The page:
That means he still has to help pick a task force commander and a chief administrative officer or bureau commander. Dalmolin had held the position for years, helping oversee the sheriff’s office budget, grants, payroll, personnel, records, dispatch and administration.
Shepherd said it would be no easy task replacing Dalmolin because of her skill set. “It is not just something that everyone knows off the street,” he said. “I am looking outside the agency, but not outside of the county.”
Changes in dispatch
Shepherd almost immediately restructured dispatch. Instead of dispatchers answering to the chief deputy administrator, they now follow a chain of command similar to that in patrol.
Yvette Baxley is the new 911 dispatch supervisor, overseeing as many as 20 staffers in both Globe and Payson at any one time.
Shepherd said the change just makes sense since dispatchers work with the patrol side more often than administration.
That means the new chief deputy will no longer supervise dispatch, giving them more time to focus on other tasks.
While Shepherd says Baxley is doing a good job in her new role, he said he realizes she needs help.
There are as many as 18 vacancies in the office, primarily in dispatch and the jail.
“It is a problem, you better believe it is a problem,” he said.
Recruiting and keeping people in these positions has never been easy, he said.
It is especially difficult in dispatch because the position has many responsibilities, which can be overwhelming for a new person.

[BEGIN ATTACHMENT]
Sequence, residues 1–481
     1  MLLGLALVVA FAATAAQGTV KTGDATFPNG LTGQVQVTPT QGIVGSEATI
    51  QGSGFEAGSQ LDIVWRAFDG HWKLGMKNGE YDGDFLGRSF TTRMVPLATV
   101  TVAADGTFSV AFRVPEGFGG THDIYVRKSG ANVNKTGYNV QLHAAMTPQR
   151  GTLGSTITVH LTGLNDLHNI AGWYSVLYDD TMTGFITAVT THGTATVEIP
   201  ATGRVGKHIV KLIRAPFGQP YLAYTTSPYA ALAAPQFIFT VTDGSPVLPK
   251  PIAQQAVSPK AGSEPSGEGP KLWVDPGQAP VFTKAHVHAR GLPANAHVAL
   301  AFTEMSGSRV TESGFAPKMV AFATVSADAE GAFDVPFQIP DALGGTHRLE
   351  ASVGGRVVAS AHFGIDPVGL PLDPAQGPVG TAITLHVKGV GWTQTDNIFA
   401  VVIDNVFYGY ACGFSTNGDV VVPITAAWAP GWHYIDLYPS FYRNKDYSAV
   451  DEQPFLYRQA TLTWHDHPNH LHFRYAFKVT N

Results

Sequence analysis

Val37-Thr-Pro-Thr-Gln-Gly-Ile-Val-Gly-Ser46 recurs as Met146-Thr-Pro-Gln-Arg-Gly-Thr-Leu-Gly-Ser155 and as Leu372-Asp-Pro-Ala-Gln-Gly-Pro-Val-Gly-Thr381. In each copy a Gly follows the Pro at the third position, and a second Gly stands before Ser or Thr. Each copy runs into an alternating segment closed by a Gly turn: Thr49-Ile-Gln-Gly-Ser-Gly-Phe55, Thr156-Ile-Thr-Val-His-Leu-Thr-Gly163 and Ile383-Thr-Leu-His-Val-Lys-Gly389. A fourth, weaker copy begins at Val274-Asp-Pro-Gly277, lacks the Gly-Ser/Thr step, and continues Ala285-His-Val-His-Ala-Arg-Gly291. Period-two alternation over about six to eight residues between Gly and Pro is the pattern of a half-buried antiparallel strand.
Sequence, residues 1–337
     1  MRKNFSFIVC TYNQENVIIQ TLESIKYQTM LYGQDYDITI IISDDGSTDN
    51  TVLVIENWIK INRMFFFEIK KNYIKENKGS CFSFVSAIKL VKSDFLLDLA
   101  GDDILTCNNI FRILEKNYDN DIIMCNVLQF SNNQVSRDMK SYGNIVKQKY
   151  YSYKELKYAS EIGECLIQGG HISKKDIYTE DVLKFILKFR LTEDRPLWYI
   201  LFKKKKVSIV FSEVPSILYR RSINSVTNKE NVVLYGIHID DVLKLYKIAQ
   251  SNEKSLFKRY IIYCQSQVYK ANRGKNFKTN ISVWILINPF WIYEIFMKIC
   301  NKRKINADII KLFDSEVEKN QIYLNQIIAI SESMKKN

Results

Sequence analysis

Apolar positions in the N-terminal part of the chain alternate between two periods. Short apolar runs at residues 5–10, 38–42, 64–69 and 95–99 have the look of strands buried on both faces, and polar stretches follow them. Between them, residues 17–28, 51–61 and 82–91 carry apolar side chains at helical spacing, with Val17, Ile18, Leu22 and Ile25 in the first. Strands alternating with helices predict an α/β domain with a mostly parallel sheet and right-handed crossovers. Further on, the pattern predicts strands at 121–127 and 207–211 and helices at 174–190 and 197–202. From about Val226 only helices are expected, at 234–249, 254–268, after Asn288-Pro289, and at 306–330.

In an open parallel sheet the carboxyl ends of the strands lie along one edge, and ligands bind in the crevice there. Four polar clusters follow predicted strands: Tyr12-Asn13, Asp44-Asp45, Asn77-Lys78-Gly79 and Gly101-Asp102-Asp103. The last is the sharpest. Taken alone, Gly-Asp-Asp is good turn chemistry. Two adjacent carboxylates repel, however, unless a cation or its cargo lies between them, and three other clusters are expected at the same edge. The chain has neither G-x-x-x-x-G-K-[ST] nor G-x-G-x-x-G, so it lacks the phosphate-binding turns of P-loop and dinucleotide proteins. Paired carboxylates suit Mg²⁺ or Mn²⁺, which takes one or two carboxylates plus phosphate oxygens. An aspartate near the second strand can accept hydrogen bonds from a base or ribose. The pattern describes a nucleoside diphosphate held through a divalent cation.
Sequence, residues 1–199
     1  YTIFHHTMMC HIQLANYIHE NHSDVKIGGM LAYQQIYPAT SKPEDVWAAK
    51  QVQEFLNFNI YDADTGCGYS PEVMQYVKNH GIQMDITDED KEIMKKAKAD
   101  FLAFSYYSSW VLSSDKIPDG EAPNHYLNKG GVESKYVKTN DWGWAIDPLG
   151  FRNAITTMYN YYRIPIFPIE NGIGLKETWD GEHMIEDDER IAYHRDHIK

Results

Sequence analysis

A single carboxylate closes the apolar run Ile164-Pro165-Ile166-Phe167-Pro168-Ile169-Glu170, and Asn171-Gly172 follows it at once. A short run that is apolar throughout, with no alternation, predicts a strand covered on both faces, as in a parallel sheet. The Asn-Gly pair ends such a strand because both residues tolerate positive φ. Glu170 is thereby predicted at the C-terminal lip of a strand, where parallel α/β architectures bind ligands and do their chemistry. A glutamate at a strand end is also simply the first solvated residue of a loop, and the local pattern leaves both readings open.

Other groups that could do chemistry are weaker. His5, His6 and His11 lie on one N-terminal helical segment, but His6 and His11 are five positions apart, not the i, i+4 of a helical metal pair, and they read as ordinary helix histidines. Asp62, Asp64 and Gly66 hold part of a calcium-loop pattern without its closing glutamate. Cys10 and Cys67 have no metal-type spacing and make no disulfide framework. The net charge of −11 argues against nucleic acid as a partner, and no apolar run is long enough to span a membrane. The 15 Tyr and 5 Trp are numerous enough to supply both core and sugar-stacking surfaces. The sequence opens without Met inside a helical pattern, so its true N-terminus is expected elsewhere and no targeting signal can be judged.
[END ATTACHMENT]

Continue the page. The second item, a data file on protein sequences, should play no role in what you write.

As the new sheriff, Shepherd said he has been mostly welcomed.
“Of course everybody has got their own ideas especially after an election where there were four candidates, but beyond that I think my previous work relationships with most of them has helped that,” he said.
Overseeing 160 positions, Shepherd said he could take some time to meet everyone, but he is keeping his door open. He said he “encourages dialogue” because “they know how to do their job and they know what would make it better. Just because we have always done it a certain way is not going to be the paradigm anymore. I encourage them to try new ways of doing things and if it doesn’t work, trust me I am the first one who will reverse a bad decision if that is the way it turns out to be.”
Shepherd said he anticipates a good working relationship with new County Attorney Bradley Beauchamp. This is the first time both have held public office.
They have already met several times and agree a key issue facing the county is drug enforcement.